AIR FRANCE INCIDENT IN TORONTO, ONTARIO (A05H0002) - RECOMMENDATIONS
On August 2, 2005, the Air France Airbus A340-313 aircraft departed Paris, France, at 11:53 a.m. Coordinated Universal Time (UTC) as Air France Flight 358 on a scheduled flight to Toronto, Ontario, with 297 passengers and 12 crew members on board. Before departure, the flight crew members obtained their arrival weather forecast, which included the possibility of thunderstorms.
While approaching Toronto, the flight crew was advised of weather-related delays. During landing, the aircraft travelled through an area of heavy rain, and visual contact with the runway environment was significantly reduced. There were numerous lightning strikes occurring, particularly at the far end of the runway. The aircraft touched down about 3800 feet down the runway and was not able to stop on the 9000-foot runway. The aircraft stopped in a ravine and all passengers and crew members were able to evacuate the aircraft before a fire destroyed the aircraft. In all, 2 crew members and 10 passengers were seriously injured during the crash and the ensuing evacuation.
The Transportation Safety Board of Canada (TSB) investigation led to seven recommendations with respect to standards and training in landings in deteriorating weather, adding safety area or means of stopping to all Code 4* runways and modifying passenger safety briefings to include clear direction to leave all carry-on baggage behind during an evacuation.
The Department of Transport establish clear standards limiting approaches and landings in convective weather for all air transport operators at Canadian airports.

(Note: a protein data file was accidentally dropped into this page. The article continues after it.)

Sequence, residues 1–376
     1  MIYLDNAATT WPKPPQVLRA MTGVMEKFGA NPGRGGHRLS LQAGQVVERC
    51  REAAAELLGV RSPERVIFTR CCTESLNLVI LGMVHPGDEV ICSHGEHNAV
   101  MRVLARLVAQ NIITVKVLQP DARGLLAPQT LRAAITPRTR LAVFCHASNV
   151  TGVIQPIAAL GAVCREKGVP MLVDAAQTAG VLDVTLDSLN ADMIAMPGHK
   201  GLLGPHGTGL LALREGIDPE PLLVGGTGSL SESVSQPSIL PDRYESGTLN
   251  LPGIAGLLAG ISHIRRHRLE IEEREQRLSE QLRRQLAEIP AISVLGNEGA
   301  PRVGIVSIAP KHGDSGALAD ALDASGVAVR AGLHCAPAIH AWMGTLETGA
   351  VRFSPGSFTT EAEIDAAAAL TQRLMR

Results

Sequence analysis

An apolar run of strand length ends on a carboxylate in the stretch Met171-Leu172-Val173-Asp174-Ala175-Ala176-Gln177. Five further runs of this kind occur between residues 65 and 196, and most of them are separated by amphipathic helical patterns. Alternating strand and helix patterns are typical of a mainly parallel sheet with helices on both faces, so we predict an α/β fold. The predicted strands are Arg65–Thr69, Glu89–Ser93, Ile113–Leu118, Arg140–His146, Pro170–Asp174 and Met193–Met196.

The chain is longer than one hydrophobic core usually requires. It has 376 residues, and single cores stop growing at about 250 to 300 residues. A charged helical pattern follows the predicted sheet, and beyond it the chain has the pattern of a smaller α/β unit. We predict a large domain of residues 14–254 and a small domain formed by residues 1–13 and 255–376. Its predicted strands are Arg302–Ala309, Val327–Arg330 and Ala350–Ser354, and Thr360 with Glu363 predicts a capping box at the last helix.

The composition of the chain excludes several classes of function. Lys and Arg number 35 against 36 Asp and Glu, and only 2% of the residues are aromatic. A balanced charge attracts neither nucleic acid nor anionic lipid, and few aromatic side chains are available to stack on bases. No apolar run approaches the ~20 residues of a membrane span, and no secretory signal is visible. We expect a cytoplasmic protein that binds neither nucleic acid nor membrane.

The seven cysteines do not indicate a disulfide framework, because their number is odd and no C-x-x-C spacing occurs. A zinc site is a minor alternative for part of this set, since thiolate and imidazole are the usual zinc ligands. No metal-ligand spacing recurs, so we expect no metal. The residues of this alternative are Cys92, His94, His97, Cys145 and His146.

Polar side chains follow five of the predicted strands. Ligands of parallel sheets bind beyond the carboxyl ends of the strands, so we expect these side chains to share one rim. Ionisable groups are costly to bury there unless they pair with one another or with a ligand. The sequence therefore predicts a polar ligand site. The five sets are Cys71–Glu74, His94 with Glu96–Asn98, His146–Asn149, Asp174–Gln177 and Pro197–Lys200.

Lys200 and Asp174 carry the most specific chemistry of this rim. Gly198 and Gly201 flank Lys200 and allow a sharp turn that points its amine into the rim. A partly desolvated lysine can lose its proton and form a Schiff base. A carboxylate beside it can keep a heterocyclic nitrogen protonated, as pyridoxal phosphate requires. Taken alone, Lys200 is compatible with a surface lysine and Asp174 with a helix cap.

France's Direction Générale de l'Aviation Civile and other civil aviation authorities establish clear standards limiting approaches and landings in convective weather.
The Department of Transport mandate training for all pilots involved in Canadian air transport operations to better enable them to make landing decisions in deteriorating weather.
France's Direction Générale de l'Aviation Civile and other civil aviation authorities mandate training for air transport pilots to better enable them to make landing decisions in deteriorating weather.
The Department of Transport and other civil aviation authorities require crews to establish the margin of error between landing distance available and landing distance required before conducting an approach into deteriorating weather.
The Department of Transport require all Code 4 runways to have a 300 m runway end safety area (RESA) or a means of stopping aircraft that provides an equivalent level of safety.
The Department of Transport require that passenger safety briefings include clear direction to leave all carry-on baggage behind during an evacuation.
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* A Code 4 runway is one that is in excess of 2400 metres.
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